A BATTLE of Britain veteran was celebrating last night after airport authorities overturned a ban preventing him from attending a memorial service to his brother killed in the Second World war – because he didn’t have a passport.
Charles Crowther, who will be 100 in October, joined the 609 (West Riding) Squadron of the Royal Air Force on the same day as his brother William who was killed in 1942 while returning from a bomber raid on Essen after he had been transferred from the fighter squadron to Bomber Command.
The 99 year-old pensioner, from Laurencekirk in Aberdeenshire, is the second oldest and only one of four surviving members of the original squadron who had been invited to a ceremony on the tarmac at Leeds Bradford International Airport in Yorkshire on 17 April. A memorial plaque is due to be re-dedicated to William and the other members of the squadron who made the ultimate sacrifice during the war at the ceremony.
Mr Crowther, who served with the Spitfire squadron’s ground crew throughout the Battle of Britain, was originally blocked from attending the airside service because he does not have suitable identification.
But last night, after local Liberal Democrat MP Sir Robert Smith contacted the Home Office to raise Mr Crowther’s plight, the airport authorities confirmed that the veteran airman will be allowed to attend the ceremony.
Mr Crowther’s delighted son Peter, 65, said: “I have had an email from Sir Robert’s office confirming that my Dad can attend the ceremony, provided we can provide a signed passport photo of my dad, a birth certificate and a utilities bill. I have got them all and they will be going by registered delivery.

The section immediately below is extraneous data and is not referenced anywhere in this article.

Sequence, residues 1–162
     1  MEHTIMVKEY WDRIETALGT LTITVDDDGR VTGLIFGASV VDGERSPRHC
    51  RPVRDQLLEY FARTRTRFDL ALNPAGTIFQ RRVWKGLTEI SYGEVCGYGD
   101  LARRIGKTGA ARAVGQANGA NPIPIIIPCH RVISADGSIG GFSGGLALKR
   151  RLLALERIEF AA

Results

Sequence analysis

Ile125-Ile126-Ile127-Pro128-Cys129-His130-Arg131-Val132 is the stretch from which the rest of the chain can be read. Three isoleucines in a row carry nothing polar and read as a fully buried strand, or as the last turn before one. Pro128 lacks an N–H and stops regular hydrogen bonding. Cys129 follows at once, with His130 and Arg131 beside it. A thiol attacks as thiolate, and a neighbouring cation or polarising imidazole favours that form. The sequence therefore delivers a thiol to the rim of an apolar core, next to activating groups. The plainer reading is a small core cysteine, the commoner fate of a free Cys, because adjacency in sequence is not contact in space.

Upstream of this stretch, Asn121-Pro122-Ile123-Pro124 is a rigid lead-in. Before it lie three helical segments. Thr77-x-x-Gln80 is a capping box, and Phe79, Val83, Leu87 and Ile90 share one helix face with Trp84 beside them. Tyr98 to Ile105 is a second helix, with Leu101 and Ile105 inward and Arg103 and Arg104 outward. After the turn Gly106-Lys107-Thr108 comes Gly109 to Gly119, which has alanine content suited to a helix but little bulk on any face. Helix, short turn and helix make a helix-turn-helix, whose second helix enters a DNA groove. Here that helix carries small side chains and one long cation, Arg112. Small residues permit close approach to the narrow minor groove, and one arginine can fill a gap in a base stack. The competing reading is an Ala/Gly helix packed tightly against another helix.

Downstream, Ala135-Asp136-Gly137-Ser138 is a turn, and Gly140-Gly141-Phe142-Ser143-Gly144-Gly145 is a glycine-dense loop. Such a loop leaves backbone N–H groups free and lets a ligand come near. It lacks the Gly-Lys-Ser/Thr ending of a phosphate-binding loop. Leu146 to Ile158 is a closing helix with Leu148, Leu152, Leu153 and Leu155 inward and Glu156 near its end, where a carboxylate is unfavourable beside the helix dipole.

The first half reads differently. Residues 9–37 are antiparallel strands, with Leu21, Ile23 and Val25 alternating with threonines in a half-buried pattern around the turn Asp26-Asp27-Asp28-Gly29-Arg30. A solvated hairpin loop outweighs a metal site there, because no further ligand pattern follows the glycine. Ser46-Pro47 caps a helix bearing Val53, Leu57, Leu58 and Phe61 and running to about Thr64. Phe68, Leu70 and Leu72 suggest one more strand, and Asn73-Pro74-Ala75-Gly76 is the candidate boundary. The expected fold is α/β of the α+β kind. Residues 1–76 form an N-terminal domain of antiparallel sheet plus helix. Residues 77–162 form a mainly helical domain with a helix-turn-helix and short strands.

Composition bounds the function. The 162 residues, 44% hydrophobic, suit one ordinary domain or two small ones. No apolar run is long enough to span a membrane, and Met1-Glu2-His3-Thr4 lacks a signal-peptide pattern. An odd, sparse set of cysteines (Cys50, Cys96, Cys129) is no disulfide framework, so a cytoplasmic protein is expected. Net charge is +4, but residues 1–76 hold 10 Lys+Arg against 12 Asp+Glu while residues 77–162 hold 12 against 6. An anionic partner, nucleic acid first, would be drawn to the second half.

“It’s fantastic news and my dad is absolutely delighted. I am just extremely grateful to everybody who has supported us.”
He added: “My dad is chuffed but he is a very old fashioned old man and doesn’t understand modern communications and what has been going on behind the scenes to get this done.”
Earlier Mr Crowther Sen, a former flight sergeant and retired hotelier, said: “I feel really frustrated about not being able to attend the ceremony. Surely they could have bent the rules and made an exception for me.”
Mr Crowther continued: “My older brother and I and joined the squadron on the same day and we had consecutive numbers in the air force.
“I have been attending the reunions for the past 50 years. I am just a bit confused about the whole matter.”
His son Peter had also condemned the bureaucratic red tape which was preventing his father from attending the poignant rededication service at the airport where 609 Squadron was originally formed.
He declared: “The only damage my dad could probably do to Leeds Bradford airport would be to scratch a door with his electric wheelchair.
“It’s crazy. I appreciate that airport security is obviously important but surely an exception should be made for a man in his 100th year.”
Mr Crowther continued: “Somebody higher up surely could have said he could attend the ceremony in the company of a security guard or a policeman. But they have got their rules and nobody was willing to stick their neck out.”
The rededication service is one of two ceremonies for 609 squadron taking place at the airport on 17 April.
A spokeswoman for Leeds Bradford International Airport confirmed the change of heart. She said: “As far as I’m aware the Mr Crowther’s local MP has been in discussions with ourselves and a decision has been made that will allow him to attend both memorial services.
“But he will be required to bring a birth certificate and a passport photo signed by a civil servant who has known him for at least three years.”
609 Squadron in the thick of Second World War action
609 Squadron was formed in February 1936 at RAF Yeadon as the ninth of the 21 flying squadrons of the Royal Auxiliary Air Force. On 8 December 1938, the squadron was transferred to RAF Fighter Command and equipped with Supermarine Spitfire Mark 1 fighters in August 1939.
In May 1940, the squadron moved to RAF Northolt and a third of its pilots were lost in just three days while involved in missions during the evacuation of the British Expeditionary Force from the beaches at Dunkirk.
It was the first of the RAF’s Spitfire squadrons to be officially credited with the destruction of both 100 and 200 enemy aircraft during the Battle of Britain.